1. Patients who are required to speak a lot at work. They often report:
  • problems with breath control and vocal tone
  • loss of confidence/performance anxiety

2. Mouth breathers with chronic sinus problems/postnasal drip. They present with:

  • cough, throat dryness, soreness

3. Patients with anxiety/stress/depressive disorders with increased sympathetic arousal, upper thoracic tension and sighing respirations. The present with:

  • excessive jaw/throat tightness/pain
  • often speak in a monotone.

4. Patients with a history of hiatus hernia or gastro-oesophageal reflux disease. They often complain of:

  • irritated throat
  • chronic throat clearing
  • shoulder tension
  • vocal fold impairment.

Because of frequent abdominal pain, they adopt upper chest breathing; abdominal bracing results in ineffective breath control when speaking.[3]

Speech should be assessed in sitting/standing once an abdominal breathing pattern is re-established. A simple assessment method is to ask the patient to read a simple text or say at the alphabet.[3]

To correct speech, consider the following steps:

  • Relaxed breath out before speaking
  • Breathe in softly through the nose to start
  • Light, low chest mouth-breaths between sentences
  • Speak slowly

Any ongoing issues should be referred onto speech therapist.[3]

Exercise

Our ability to exercise depends on the capacity of our cardiovascular and respiratory systems to deliver oxygen to the tissues and remove excess carbon dioxide and metabolites.[3]

At rest, the normal oxygen cost of breathing is less than 2% of resting oxygen consumption. During episodes of hyperventilation, this can increase to 30% of total consumption. Thus, patients who have chronic HVS/BPD, may present with limited exercise capacity.[3]

It is essential to consider patient safety before prescribing exercise. It is recommended that physiotherapists discourage fatigued patients from commencing aerobic exercise until they have re-established balanced breathing and improved sleep patterns. When beginning exercise, accumulated exercise times can gradually increase towards a total of 30 mins brisk activity per day, 6-7 times per week.[3]

Complimentary Treatments

Relaxation

It is important to first educate patients about the stress response followed by the relaxation response to help them to learn to identify and switch off anxiety or stress responses. This can be achieved by regular practice of “calm stillness of mind and body”. Low volume, low chest breathing is an essential part of this process.[3]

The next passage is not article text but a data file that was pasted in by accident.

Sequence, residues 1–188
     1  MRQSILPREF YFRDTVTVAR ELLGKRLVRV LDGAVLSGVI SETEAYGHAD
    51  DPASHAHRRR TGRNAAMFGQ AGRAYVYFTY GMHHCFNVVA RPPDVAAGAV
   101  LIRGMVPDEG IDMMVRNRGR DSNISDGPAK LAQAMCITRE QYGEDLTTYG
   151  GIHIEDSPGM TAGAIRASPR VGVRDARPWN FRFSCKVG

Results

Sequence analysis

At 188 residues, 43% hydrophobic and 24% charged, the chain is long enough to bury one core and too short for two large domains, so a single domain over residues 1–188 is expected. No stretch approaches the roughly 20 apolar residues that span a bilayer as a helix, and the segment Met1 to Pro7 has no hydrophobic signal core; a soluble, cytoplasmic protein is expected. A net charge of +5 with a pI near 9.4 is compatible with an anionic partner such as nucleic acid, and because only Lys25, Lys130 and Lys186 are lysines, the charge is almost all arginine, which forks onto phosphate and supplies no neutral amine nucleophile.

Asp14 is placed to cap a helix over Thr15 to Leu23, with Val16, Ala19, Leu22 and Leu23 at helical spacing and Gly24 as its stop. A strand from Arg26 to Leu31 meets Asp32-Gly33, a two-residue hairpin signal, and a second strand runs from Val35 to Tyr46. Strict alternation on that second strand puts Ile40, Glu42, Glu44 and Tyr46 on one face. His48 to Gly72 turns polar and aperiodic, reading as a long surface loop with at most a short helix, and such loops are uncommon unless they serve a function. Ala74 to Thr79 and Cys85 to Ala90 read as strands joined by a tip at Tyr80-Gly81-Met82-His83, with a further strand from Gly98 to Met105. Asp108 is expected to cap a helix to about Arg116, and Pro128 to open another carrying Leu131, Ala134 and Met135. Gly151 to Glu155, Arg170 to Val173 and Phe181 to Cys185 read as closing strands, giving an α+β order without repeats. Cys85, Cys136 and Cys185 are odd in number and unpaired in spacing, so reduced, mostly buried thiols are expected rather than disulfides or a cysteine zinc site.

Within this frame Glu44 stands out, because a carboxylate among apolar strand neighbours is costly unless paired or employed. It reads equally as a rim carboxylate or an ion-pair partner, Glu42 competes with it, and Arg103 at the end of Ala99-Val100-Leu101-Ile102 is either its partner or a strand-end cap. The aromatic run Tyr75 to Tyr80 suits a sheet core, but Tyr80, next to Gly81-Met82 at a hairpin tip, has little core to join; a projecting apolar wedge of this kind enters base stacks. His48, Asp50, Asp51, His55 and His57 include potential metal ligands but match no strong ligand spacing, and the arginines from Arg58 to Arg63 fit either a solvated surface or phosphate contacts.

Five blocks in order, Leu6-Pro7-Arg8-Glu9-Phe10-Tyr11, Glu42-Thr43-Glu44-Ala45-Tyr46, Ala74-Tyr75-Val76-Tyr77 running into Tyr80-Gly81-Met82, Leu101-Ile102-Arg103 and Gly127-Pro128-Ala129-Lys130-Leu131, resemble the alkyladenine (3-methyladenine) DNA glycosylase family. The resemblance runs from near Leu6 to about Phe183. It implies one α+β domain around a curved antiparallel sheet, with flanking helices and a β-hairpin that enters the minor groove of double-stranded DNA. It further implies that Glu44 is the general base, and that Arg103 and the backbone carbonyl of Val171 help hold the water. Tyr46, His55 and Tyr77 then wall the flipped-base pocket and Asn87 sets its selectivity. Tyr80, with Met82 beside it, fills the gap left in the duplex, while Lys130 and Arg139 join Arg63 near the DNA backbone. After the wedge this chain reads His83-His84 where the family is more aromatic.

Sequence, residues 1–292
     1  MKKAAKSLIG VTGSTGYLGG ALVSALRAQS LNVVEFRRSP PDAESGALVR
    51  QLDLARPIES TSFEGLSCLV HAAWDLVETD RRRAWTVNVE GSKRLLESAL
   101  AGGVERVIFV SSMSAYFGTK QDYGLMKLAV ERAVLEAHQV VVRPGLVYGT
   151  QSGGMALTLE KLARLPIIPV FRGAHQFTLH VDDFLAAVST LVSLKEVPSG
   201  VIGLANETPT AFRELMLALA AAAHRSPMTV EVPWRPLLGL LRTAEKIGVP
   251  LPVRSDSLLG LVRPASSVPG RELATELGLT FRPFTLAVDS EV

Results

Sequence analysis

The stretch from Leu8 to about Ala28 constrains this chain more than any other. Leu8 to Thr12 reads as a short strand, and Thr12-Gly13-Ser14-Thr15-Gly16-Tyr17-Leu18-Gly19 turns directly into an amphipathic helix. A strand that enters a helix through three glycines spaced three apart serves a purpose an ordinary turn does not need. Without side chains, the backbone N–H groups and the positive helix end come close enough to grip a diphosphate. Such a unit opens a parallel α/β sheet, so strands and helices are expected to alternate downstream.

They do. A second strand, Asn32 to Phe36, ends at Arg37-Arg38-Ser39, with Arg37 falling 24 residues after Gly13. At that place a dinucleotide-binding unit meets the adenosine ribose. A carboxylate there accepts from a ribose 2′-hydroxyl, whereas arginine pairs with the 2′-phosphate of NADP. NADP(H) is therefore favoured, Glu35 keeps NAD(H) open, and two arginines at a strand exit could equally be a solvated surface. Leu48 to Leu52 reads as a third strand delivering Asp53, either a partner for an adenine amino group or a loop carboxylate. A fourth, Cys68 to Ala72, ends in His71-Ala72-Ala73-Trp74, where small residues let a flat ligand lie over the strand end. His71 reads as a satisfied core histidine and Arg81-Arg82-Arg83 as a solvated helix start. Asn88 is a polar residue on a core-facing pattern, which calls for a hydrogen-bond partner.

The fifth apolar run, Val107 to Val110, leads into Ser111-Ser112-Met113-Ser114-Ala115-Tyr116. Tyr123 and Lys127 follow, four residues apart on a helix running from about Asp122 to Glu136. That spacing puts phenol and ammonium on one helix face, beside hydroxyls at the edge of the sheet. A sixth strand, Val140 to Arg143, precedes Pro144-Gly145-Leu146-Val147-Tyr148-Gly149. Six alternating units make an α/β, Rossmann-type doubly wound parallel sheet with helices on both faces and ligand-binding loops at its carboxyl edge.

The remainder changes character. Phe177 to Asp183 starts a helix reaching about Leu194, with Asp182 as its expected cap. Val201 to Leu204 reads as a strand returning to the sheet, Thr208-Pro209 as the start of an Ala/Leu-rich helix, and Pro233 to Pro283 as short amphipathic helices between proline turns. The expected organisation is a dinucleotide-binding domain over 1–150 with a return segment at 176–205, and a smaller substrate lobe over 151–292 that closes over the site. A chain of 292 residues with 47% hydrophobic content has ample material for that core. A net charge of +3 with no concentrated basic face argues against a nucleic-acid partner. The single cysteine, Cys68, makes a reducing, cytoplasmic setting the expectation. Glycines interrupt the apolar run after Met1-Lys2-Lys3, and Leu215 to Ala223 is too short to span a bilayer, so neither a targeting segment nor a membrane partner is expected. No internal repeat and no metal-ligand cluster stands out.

Nutrition

When patients have a tendency towards HVS, blood sugar levels can exacerbate symptoms when they are on the lower end of the normal range. Thus, nutrition is very important in the treatment of BPDs.[5]

Rest and Sleep

Patients with BPDs often experience erratic sleep patterns and vivid dreaming.[3] Patients who have chronic BPDs with low level or varying CO2 levels commonly report waking at night. This is because, once asleep, CO2 levels start to rise when compared with a patient’s usual daily levels.[3] This stimulates the respiratory centres to increase the respiratory drive in order to reduce CO2 levels back to the patient’s normal daily level.[3] Vivid dreams/nightmares often occur at this time, along with pounding heart. Breathing retraining during the day helps to re-establish higher CO2[3] tolerance by the respiratory centres. It is also important to consider providing education about sleep hygiene.

References

  1. Lum L 1987 Hyperventilation syndromes in medicine and psychiatry: a review. J. R Soc Med. 80:229-231.
  2. 2.0 2.1 2.2 Clifton‐Smith T, Rowley J. Breathing pattern disorders and physiotherapy: inspiration for our profession. Phys Ther Rev. 2011; 16: 75–86.
  3. 3.00 3.01 3.02 3.03 3.04 3.05 3.06 3.07 3.08 3.09 3.10 3.11 3.12 3.13 3.14 3.15 3.16 3.17 Chaitow, L., Bradley, D., and Gilbert, C. Recognizing and Treating Breathing Pattern Disorders. Chaitow, L., Bradley, D., and Gilbert, C. 2014, Elsevier.
  4. McLaughlin L, Goldsmith CH, Coleman K. Breathing evaluation and retraining as an adjunct to manual therapy Man Ther. 2011 Feb;16(1):51-2.
  5. 5.0 5.1 5.2 5.3 5.4 5.5 5.6 Chaitow, L. Dysfunctional Breathing Course Videos. Physioplus 2019. https://members.physio-pedia.com/2014/04/01/breathing-disorders/#resource